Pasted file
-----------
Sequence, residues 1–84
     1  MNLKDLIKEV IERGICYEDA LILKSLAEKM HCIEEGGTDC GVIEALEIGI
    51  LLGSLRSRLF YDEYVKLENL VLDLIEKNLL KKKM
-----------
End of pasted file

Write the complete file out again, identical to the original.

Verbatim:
Sequence, residues 1–84
     1  MNLKDLIKEV IERGICYEDA LILKSLAEKM HCIEEGGTDC GVIEALEIGI
    51  LLGSLRSRLF YDEYVKLENL VLDLIEKNLL KKKM